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Security Response
Showing posts for April of 2011
Showing posts in English
khaley | 29 Apr 2011 22:43:22 GMT

On Tuesday, April 26, Symantec hosted a live Twitter chat centered around our latest Internet Security Threat Report and the changing threat landscape. We’d like to extend a big thank you to those who participated and joined the conversation.

 Using the #SecChat hash tag in Twitter, we were able to guide a lively discussion around what’s top of mind with regard to the current security threat landscape for those of you in the security industry.

One aspect of the discussion focused on end-user security education and its importance, while others questioned whether dollars spent toward user education made any difference at all. We certainly heard all sides to the story. If there is anything people agree on it’s that the “user is like water, following the path of least resistance to their end goal,” in the words of one tweeter.

Those in support...

Suyog Sainkar | 28 Apr 2011 08:30:17 GMT

As we have seen with many major events in the past, news of the British Royal Wedding is currently being used by cyber criminals to bolster their spam campaigns and push rogue antivirus software through black hat search engine optimization (SEO) techniques.
 

Spam campaigns

We have blogged previously about “snowshoe” spammers targeting the upcoming British Royal Wedding of Prince William and Kate Middleton. Spam email messages advertising a replica of Princess Diana’s engagement ring that were observed in February are still making the rounds on the Internet, and the eve of the royal wedding is now upon us. Furthermore, as we had anticipated, we have recently observed additional spam campaigns making use of this significant event to promote various products.

In one such recent spam campaign, email promoting a "...

Mayur Kulkarni | 26 Apr 2011 16:06:13 GMT

Communication in the today’s world is dominated by email, instant messaging, and social networking. However, for making any formal statement or announcement, hard-copy letters are still sent using postal services. In both mediums, unwanted, unsolicited letters are not new; however, it may still be surprising if a spam message is sent over using postal services - somewhat low tech, but perhaps most effective way to bypass all kinds of online security. In a letter shared by a recipient, we found familiar text seen in emails associated with scams. We confirmed the hard-copy letter to be a 419 scam.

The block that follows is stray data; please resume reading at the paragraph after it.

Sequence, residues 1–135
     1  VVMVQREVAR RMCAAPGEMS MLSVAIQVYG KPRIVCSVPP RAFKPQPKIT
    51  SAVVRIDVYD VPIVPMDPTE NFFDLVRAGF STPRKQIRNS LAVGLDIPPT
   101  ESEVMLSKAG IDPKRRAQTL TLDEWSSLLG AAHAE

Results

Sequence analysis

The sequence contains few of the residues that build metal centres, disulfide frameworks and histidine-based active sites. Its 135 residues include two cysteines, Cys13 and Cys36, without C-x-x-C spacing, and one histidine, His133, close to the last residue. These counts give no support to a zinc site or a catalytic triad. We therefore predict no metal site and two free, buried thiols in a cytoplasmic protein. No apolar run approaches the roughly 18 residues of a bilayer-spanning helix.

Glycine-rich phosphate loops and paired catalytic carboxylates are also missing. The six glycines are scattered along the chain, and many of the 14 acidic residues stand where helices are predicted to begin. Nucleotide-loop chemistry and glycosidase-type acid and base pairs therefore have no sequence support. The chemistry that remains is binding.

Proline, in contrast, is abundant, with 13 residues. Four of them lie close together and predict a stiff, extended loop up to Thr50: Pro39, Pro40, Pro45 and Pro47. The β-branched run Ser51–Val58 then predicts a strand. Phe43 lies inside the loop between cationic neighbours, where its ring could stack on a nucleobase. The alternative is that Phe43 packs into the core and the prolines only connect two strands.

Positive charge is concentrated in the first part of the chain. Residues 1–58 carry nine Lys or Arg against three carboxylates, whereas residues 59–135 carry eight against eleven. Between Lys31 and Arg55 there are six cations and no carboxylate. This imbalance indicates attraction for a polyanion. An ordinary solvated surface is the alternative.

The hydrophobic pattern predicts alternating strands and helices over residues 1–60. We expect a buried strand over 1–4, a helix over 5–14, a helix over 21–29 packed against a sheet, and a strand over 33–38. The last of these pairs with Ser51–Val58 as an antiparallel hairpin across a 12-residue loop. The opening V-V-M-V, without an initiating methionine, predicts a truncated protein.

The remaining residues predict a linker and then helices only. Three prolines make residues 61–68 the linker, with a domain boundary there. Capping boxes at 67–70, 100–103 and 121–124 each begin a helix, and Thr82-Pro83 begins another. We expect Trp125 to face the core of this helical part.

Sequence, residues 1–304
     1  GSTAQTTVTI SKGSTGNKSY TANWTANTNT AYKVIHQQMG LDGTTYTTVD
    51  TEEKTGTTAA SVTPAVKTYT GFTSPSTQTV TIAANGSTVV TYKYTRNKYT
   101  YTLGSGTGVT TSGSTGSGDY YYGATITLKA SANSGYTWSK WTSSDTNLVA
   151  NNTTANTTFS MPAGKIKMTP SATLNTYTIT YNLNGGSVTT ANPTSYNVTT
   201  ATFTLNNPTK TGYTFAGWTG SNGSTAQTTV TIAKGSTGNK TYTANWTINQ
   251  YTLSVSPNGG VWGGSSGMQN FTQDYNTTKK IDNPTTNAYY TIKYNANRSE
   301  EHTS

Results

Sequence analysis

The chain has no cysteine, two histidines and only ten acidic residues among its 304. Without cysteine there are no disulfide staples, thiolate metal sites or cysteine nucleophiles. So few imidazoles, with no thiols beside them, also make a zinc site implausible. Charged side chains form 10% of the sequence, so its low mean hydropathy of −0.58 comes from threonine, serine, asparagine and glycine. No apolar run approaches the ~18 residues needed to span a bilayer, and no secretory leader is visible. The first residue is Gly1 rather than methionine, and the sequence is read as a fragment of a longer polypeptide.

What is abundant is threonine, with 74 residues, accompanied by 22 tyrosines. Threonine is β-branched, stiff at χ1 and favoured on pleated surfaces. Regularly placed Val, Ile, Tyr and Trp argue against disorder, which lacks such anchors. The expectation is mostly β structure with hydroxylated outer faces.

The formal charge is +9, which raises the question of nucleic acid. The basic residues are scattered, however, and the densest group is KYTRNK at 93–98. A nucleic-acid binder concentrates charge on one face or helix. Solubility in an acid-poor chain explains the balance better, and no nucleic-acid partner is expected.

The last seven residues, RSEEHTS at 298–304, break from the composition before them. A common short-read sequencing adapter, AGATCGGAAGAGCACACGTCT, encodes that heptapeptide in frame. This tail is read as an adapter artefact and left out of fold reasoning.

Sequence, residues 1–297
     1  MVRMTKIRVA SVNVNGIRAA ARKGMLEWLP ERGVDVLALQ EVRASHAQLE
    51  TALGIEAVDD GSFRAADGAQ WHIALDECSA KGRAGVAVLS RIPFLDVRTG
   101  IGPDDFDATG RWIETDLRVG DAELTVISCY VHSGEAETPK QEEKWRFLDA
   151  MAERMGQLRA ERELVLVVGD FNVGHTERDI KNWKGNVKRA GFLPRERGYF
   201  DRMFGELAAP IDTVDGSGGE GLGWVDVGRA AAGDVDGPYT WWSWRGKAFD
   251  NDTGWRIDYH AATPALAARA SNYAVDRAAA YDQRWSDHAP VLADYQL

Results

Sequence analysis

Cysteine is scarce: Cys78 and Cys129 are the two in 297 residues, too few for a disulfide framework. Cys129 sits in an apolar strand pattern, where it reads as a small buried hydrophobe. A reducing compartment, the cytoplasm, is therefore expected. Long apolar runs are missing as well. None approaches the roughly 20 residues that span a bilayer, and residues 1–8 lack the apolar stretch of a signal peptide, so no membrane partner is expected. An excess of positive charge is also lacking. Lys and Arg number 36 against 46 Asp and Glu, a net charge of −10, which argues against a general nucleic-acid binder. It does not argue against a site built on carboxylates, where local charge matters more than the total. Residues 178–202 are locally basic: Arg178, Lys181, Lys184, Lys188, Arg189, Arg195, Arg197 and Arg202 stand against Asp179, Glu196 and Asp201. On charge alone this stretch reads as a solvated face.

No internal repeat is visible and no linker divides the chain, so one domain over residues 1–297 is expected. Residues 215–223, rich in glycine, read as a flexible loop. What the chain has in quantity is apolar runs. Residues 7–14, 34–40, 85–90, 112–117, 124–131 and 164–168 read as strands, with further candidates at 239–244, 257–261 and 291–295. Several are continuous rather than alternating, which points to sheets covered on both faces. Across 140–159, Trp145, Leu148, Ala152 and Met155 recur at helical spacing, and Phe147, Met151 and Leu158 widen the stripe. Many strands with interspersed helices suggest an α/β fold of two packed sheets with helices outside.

Here is the scanned copy of the letter (where the identity and address of the recipient have been blurred):

Text inside the letter has everything that we commonly see with email scams, except that we do not find any reply-to email addresses. Also, the scammer stresses that recipients must only fax the...

Dermot Harnett | 20 Apr 2011 21:44:04 GMT

On April 20, for the first time ever, gold rose above $1,500 an ounce as worries over the U.S. economic outlook boosted demand for the metal as a haven. Within hours, Symantec observed this spammer’s response: a hit-and-run spam attack with the Subject line “Subject: Is Gold Your Ticket To A Golden Future?”

Hit-and-run spam (or snow-shoe spam) is a threat known for its large volumes of spam messages in short bursts, where domains are quickly rotating and the sending IP hops within a certain /24 IP range.

Key characteristics include:

  • The message is in HTML
  • There is some type of word salad or word obfuscation injected between various tags and/or in the URL by means of multiple directories
  • The message is typically sent within the same /24 IP range
  • Domains are rotated quickly

The call to action for this particular attack is a URL in the message body which directs the recipient to a Web site where the...

khaley | 20 Apr 2011 20:28:37 GMT

The Internet is now a veritable minefield of malware, and it’s becoming more and more difficult to navigate. Every year, hundreds of millions of new threats appear and cybercriminals are constantly changing tactics hoping to catch users off-guard.

On Tuesday, April 26 at 10 a.m. PST, join me and Marc Fossi for a live Twitter discussion on the latest Internet Security Threat Report. We will discuss the report and answer your questions using the #SecChat hash tag.

This year’s report notes that Symantec detected more than 286 million new threats in 2010. This number grows every year, and in 2011, some of these threats will be pointed toward you. Many companies found that to be the case last year. The ISTR covers the trends and tricks used in targeted and massive attacks by cybercriminals. Among the trends from the report to be discussed will be the proliferation of attack kits - pre-written...